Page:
That’s a quick, elevator pitch to what’s going on.  I’ll say this, I liked the plot of the book.  It was interesting.  The titular character was interesting as well.  In fact, Ramses himself seemed like a variation of Rice’s vampires.  He’s immortal, he has a “thirst”, not for blood, but for satiating his physical senses with things like eating, smoking, drinking and sex.  However, instead of existing only at night, Ramses is fueled by the sun.  He’s like a “sun vampire”, if you will.

Anyway, like I said, I enjoyed the book’s overall plot but the page to page events were too exposition-y with a bit too much of the Harlequin melodrama.  I don’t need to be hammered over the head with how evil cousin Henry is.  Or how “in on it” Uncle Randolph is.  I don’t need to hear how much the daughter is falling for the bad boy Ramses despite her feeble attempts to ignore her yearnings.  You got a good plot, let it run, Anne, don’t bog it down.  There are too many characters with too many less interesting stakes in what goes on and it bogs down what could be a nicely paced action yarn.

The action does pick up a bit in the last third, but honestly, by then, I was prepared to tap out.  I didn’t really care for any of these characters and I was only mildly interested in the conclusion to the story.


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AWESOME-tober-fest 2016: Hammer Studio’s The Mummy (1959)

Posted in Genres, horror, monsters, movies, mummy, pop culture with tags , , , , , , , on October 14, 2016 by Paxton

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Okay, I’m doing a more popular monster, so I get to visit a Hammer film this year!  In 1959, one of the more prolific Hammer directors, Terence Fisher, as well as one of the more prominent writers, Jimmy Sangster, tackled Hammer’s version of The Mummy.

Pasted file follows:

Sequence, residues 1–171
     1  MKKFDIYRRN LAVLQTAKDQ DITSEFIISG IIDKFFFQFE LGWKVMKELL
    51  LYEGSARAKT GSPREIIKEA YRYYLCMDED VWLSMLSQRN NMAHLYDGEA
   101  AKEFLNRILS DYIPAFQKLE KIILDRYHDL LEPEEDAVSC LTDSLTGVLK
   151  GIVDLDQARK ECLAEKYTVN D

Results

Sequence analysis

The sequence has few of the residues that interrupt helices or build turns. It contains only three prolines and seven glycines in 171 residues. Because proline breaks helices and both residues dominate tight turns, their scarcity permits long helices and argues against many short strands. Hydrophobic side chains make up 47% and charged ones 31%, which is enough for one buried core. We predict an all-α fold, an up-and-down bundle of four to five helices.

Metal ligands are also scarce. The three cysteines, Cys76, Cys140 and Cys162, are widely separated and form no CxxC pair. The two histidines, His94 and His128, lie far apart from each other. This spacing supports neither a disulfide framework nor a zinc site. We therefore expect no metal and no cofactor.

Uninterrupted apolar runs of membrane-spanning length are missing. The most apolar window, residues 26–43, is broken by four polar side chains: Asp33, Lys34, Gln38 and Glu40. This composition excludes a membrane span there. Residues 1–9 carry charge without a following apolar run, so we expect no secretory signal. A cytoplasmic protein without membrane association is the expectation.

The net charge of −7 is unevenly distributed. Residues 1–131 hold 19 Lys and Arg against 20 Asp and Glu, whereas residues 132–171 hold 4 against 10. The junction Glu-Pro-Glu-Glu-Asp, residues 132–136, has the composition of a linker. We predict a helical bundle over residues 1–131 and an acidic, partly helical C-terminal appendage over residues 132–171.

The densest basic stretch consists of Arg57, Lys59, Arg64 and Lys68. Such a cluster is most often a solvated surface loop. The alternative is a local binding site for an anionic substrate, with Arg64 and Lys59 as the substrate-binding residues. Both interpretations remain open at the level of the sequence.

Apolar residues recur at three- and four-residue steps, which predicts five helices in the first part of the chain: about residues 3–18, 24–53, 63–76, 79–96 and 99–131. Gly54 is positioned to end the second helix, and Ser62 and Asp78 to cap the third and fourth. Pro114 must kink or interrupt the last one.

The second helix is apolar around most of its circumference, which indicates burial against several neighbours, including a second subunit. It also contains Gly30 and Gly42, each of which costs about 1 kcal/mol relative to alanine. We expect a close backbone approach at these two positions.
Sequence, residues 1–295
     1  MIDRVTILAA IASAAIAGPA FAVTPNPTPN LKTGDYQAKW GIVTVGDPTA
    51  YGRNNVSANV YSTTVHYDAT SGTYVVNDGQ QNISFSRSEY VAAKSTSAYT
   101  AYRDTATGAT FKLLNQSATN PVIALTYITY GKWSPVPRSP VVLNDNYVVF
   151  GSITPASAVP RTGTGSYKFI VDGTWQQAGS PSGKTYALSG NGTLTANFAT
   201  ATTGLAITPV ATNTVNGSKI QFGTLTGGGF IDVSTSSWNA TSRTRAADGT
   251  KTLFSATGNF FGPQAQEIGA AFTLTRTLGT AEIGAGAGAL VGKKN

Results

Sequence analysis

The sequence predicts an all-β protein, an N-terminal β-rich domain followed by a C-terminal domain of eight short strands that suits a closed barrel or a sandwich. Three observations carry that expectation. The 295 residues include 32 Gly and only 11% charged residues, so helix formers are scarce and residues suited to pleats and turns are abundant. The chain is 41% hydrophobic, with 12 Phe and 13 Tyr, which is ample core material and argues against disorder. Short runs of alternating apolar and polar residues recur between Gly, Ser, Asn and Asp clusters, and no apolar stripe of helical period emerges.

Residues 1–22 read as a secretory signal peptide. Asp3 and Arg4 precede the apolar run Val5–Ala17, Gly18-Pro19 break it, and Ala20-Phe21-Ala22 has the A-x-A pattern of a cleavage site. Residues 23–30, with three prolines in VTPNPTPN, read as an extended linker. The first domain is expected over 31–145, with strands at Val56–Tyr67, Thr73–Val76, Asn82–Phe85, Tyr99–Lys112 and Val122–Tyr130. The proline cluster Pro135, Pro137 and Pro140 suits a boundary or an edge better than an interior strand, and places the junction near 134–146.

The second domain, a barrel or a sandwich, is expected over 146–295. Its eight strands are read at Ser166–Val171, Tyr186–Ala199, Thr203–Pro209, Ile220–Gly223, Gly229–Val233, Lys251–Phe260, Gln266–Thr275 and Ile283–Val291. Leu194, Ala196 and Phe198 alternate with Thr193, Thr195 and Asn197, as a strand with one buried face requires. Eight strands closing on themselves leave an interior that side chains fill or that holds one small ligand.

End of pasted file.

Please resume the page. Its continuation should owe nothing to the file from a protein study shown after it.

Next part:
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It starred the usual Hammer all stars, Peter Cushing as John Banning and Christopher Lee as the mummy.  As in the other Hammer monster movies, their mummy movie was based on Universal’s version, but maybe not the one you’d think.  Instead of re-adapting Universal’s 1932 The Mummy, starring Boris Karloff, this movie takes it’s story from two of the later Universal mummy sequels; The Mummy’s Hand (1940) and The Mummy’s Tomb (1942).  With a little bit of the climax from The Mummy’s Ghost (1944).  And while the Karloff version is held in higher regard, I feel the sequels have a bit more fun with the subject.

So, how did Hammer do?  I love the Hammer aesthetic.  Check out my reviews for Horror of Dracula or Curse of Frankenstein.  When Hammer works, it’s dynamite.  When it doesn’t, you get well meaning missteps like Curse of the Werewolf.

I won’t say this particular movie was a misstep.  But it wasn’t a favorite.  It just seemed to drag a lot, especially in the middle.  But while the story was lacking, the other Hammer touches where there.  The set design is GREAT.

The tombs look great and are set designed in that spectacular way that Hammer usually does.  I mean check out the above picture of the recently opened tomb.  It’s not been opened in thousands of years but the green lights apparently still work.  Amazing.

Also, Cushing and Lee are great as always.  I just love watching Cushing be gentlemanly and awesome.

And Lee’s mummy looks just incredible as well. Especially when he’s getting shotgunned in the chest by Peter Cushing.

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And check out this “ancient scroll” that is the basis for much of the plot of this movie.

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Looks like it was printed last Thursday at Kinkos.  That being said, it’s beautiful looking.  Take a look at the inscriptions on the left picture (click it).  That’s some wonderfully detailed imagery for just a few seconds of on screen footage.  That’s Hammer for you.

Here’s where I think the problem lies.  The mummy, as a monster, is essentially boring.  He’s too passive.  Much like my issues with traditional zombies, I don’t really enjoy watching mummy movies.  And that’s my  main problem with this movie.  The mummy is used as “muscle”, the second banana if you will. It’s probably why I like the Brendan Fraser mummy movies a bit more because I feel like that mummy was in charge. He actually felt dangerous.  While it was fun to watch Cushing and Lee, the overall story was a bit boring, but that’s a problem with most mummy movies for me and not necessarily a problem with Hammer’s movie.


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AWESOME-tober-fest 2016: Out of the Aeons (1935) – HP Lovecraft and Hazel Heald